Warp Drive

Saturday, July 21, 2012

Ancestry with the Haleys - Progress Report #2

This past February, I began a rather ambitious documentary project to trace my family roots. The first three weeks of the project were the most fruitful. My findings were nothing short of amazing. With the help of extended family, I managed to successfully document the names and occupations of my great, great great, great great great, and great great great great grandparents. It was great. Progress Report #1, which I wrote on March 25th, covers this time in much more detail. That report ended with a loose end still to be roped and tied up. I had planned to write a second report as soon as my great grandfather's photographs arrived in the mail, but they arrived a bit later than I had originally expected. Three months later to be precise. To be fair, I misunderstood my cousin when she said that she was preparing the photographs to be mailed the week prior to my March 25th update. In actuality, she was still in the process of locating them. She did more than just that, though. She provided valuable background information about each and every photograph. For the first time ever, I proudly present my great grandfather, James Tribble Haley. He lived and worked in Kosse, Texas throughout the late 1800s. He made a living as a Constable, Deputy Sheriff, and United States Marshall. Sometimes all three at the same time.


Ancestry with the Haleys Promo 2

Around the time that I wrote the first report, I was working on an excavation of my parents' house. It was practically a project within itself. In time, I would find work photographs of my father, an 8mm film reel of my first birthday party, and a number of audio cassettes. It was the photographs of my father that were the hardest to look through. They sent the message home that I was not just crafting a video documentary to my distant ancestors, but a final tribute to my father. He passed away on October 12th, 2009 of Pancreatic Cancer with all but one of his seven children by his bed side. It was simply too much for my youngest brother to bear. It is a constant struggle to work on this chapter of the project. I am flooded with memories, both good and bad, every time that I concentrate on it. I also find myself struggling with what he would have approved of being included, and for that, I just have to do a lot of soul searching. I realize that it will never be perfect, but I will do my best. My father, Paul Wayne Haley, lived and worked in Southern California. He made a living as a Power Brake Operator for Rockwell International (now The Boeing Company). The sheet metal that he crafted was used on NASA's Space Shuttle.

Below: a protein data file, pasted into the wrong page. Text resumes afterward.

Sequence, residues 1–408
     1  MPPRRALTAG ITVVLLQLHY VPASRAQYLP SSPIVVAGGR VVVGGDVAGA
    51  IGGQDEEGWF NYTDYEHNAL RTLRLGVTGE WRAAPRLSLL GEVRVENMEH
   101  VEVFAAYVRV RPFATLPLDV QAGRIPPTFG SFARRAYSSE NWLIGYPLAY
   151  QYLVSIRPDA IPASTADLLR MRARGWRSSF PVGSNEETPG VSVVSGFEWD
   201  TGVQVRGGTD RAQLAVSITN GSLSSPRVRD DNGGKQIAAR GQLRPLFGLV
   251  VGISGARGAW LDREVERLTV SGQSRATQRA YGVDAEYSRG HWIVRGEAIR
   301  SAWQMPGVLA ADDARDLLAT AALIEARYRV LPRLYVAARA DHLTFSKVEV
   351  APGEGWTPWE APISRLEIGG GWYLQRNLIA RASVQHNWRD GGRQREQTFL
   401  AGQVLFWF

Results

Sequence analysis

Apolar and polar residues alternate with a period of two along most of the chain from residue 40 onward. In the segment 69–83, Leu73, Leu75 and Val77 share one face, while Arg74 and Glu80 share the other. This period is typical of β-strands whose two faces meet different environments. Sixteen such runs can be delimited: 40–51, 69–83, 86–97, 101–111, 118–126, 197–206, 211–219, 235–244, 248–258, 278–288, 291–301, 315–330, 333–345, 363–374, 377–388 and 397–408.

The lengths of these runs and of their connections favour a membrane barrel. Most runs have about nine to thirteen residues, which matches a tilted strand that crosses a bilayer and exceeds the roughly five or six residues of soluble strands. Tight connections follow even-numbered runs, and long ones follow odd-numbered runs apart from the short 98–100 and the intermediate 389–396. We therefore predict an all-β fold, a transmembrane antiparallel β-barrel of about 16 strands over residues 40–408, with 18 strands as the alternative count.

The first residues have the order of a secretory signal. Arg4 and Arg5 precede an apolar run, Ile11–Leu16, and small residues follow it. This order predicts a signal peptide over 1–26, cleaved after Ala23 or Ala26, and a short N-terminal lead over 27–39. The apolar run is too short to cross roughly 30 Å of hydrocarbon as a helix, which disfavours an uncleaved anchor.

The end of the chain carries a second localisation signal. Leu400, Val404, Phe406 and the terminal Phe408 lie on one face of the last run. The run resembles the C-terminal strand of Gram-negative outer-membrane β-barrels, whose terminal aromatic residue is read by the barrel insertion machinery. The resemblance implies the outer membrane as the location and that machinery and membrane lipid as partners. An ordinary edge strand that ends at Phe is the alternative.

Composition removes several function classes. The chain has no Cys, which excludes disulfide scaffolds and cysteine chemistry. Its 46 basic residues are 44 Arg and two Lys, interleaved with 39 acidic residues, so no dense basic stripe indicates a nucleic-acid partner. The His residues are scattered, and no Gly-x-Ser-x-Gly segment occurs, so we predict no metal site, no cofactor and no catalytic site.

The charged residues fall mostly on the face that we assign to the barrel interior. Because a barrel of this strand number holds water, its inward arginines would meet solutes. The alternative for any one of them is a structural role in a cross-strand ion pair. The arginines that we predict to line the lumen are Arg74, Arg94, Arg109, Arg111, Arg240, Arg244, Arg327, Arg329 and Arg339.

Rockwell International Photograph

This month, my focus turned to the hillsides surrounding my house. Without very many authentic western photographs in my family archive, I have to make do with what I have. That being, undeveloped hillsides that can stand in for western locales during the 1800s chapters of the documentary. This has been a lot of fun because I am doing two things that I love at once. Hiking and photography. In the future, I will also be photographing a few locations for the chapter dedicated to my father. I cannot say very much about that just yet because I do not want to jeopardize my chances of gaining permission to photograph in and around certain places, but I can say that it will also encompass one or two video shoots. That brings us to the most recent development. Last Wednesday, I contacted my nephew about composing a few tracks for the project. He recently launched a Facebook page for his original music, and as of this writing, is preparing a few samples. More on music will be covered in Progress Report #3.


Western Photography Test

As always, I plan to keep family informed along the way. Most of their responses have been extremely helpful. It is my hope that everyone can respect and understand my passion for this project, and even though my vision may not always come across in the clearest way possible, just know that I have the best intentions in mind.